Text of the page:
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Problem with Infinite products

  • To: mathgroup at
  • Subject: [mg65251] Problem with Infinite products
  • From: Roger Bagula <rlbagulatftn at>
  • Date: Wed, 22 Mar 2006 06:13:40 -0500 (EST)
  • Sender: owner-wri-mathgroup at

I've gotten the Sum versions of these functions to work
but had to use finite limits there:

Clear[f, zta]
f[n_, 1] := If[Mod[Prime[n], 12] - 1 == 0, Prime[n], 1/2]
f[n_, 2] := If[Mod[Prime[n], 12] - 5 == 0, Prime[n], 1/2]
f[n_, 3] := If[Mod[Prime[n], 12] - 7 == 0, Prime[n], 1/2]
f[n_, 4] := If[Mod[Prime[n], 12] - 11 == 0, Prime[n], 1/2]
zta[x_, m_] := Product[f[n, m]^(x)/(-1 + f[n, m]^(x)), {n, 1, Infinity}]
zta[2, 1]
zta[2, 2]
zta[2, 3]
zta[2, 4]
N[Product[zta[2, n], {n, 1, 4}]/Zeta[2]]

These won't even work right in finite limits.

Factoring the Zeta function using modulo 12:

  I realized that one could use the {1,5,7,11} prime endings modulo 12
  to factor the zeta function.
I solved the problem using the fact that the a0 and bo terms are:
By plotting w[n[ I found that:
With that out of the way the resulting other factor terms become:
And the Zeta function is factored  as:
This factoriozation uses the fact
that in the Infinite Limit the populations of the {1,5,7,11} states are 
with the solution:
So to find the factors one has to only find the sums
and compute the factors from them.
So we actually have five factors.
An important thing to notice is that the b(0) factor is always rational
for integer s. That is the  division
Zeta[s]/(1/(1 - 1/2^s))*(1/(1 - 1/3^s))
gives a term in Pi.->Pi2/9 for s=2
Looking at the b(i) that I got solving for Zeta[2]
one sees this:
That's as far as I got last night when I realized that the genus[n]
of the primes had to be a complex number and started working on that.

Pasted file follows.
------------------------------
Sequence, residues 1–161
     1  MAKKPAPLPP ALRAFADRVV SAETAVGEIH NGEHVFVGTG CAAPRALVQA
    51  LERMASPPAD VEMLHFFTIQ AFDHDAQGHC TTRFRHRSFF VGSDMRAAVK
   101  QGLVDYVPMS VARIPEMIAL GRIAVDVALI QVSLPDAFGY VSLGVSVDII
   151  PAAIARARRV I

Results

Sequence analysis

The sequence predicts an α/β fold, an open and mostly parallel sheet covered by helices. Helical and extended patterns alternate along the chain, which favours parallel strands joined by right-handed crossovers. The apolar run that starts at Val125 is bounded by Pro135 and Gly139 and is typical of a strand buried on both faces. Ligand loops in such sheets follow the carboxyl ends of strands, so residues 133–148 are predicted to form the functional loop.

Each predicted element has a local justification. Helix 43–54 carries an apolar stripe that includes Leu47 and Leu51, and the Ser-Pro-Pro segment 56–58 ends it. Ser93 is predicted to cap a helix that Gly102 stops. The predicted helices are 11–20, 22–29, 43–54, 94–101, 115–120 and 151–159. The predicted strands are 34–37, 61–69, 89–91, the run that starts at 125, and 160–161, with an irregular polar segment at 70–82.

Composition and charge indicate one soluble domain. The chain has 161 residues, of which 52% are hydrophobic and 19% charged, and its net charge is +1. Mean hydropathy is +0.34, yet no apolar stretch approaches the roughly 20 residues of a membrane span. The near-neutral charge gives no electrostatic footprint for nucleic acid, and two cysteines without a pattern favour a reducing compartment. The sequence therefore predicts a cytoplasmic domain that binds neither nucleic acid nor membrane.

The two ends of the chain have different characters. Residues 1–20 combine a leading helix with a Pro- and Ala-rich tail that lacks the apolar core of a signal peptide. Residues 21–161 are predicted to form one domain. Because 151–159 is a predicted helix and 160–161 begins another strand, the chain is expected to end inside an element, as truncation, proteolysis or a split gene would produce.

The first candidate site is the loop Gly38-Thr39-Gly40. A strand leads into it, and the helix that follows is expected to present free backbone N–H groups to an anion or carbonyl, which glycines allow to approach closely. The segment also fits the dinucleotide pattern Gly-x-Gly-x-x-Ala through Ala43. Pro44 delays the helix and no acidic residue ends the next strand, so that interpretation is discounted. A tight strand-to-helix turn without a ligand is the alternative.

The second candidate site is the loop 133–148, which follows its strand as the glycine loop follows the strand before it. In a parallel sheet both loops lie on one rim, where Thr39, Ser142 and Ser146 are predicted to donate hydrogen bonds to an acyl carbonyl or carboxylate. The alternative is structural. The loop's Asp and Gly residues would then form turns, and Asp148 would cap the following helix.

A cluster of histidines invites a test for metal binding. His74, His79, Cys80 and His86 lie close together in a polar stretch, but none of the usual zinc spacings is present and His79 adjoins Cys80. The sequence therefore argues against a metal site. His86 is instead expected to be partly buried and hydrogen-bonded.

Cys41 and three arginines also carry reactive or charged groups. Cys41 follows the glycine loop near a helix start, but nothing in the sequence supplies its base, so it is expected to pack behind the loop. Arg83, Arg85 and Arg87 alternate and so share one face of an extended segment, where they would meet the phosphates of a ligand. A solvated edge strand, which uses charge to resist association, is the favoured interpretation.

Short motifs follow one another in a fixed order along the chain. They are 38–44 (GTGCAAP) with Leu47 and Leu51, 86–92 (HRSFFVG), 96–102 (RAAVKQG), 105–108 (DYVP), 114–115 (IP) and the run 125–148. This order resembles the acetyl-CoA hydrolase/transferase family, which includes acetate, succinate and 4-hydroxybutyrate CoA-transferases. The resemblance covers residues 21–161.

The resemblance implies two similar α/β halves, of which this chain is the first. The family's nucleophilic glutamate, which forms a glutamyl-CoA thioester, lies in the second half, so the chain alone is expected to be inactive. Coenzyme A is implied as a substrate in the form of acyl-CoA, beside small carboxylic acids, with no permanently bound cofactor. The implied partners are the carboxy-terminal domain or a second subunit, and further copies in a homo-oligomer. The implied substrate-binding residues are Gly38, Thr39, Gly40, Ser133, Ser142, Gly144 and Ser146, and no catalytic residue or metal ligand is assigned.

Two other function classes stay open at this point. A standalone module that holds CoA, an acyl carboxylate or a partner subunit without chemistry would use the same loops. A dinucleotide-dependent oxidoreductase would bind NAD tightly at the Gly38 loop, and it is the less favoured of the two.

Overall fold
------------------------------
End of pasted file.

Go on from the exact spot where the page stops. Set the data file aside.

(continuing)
So that:
with the result that:

The functions so far don't give any different answers fron the regular 
Zeta function.
But if we change the sign of one or more terms ( 4 ways for one sign, 6 
ways for two signs)
then the result is a new set of functions which are all still founded in 
the original zeta function.
The two sign functions should be always very near zero.

Anyway I did the forms of one minus : the important thing seem to be 
that none are now infinite at s=1
like the Zeta function is. At Zeta[1] they vary from near 4 to just 
above five.
This is just a limited numerical approximation but it works:
f[n_, 1] := If[Mod[Prime[n], 12] - 1 == 0, 1/n, 0]
f[n_, 2] := If[Mod[Prime[n], 12] - 5 == 0, 1/n, 0]
f[n_, 3] := If[Mod[Prime[n], 12] - 7 == 0, 1/n, 0]
f[n_, 4] := If[Mod[Prime[n], 12] - 11 == 0, 1/n, 0]
zta[x_, m_] := Sum[f[n, m]^(x), {n, 1, 1000}]
r[x_] := 1 + 1/2^x
zeta1[x_, n_] := r[x] + Sum[zta[x, m], {m, 1, 4}] - 2*zta[x, n]

Table[N[zeta1[1, n]], {n, 1, 4}]
{5.01617, 4.06003, 4.31921, 4.57554}

In any case it would be nice to have direct product versions of the 
functions working.

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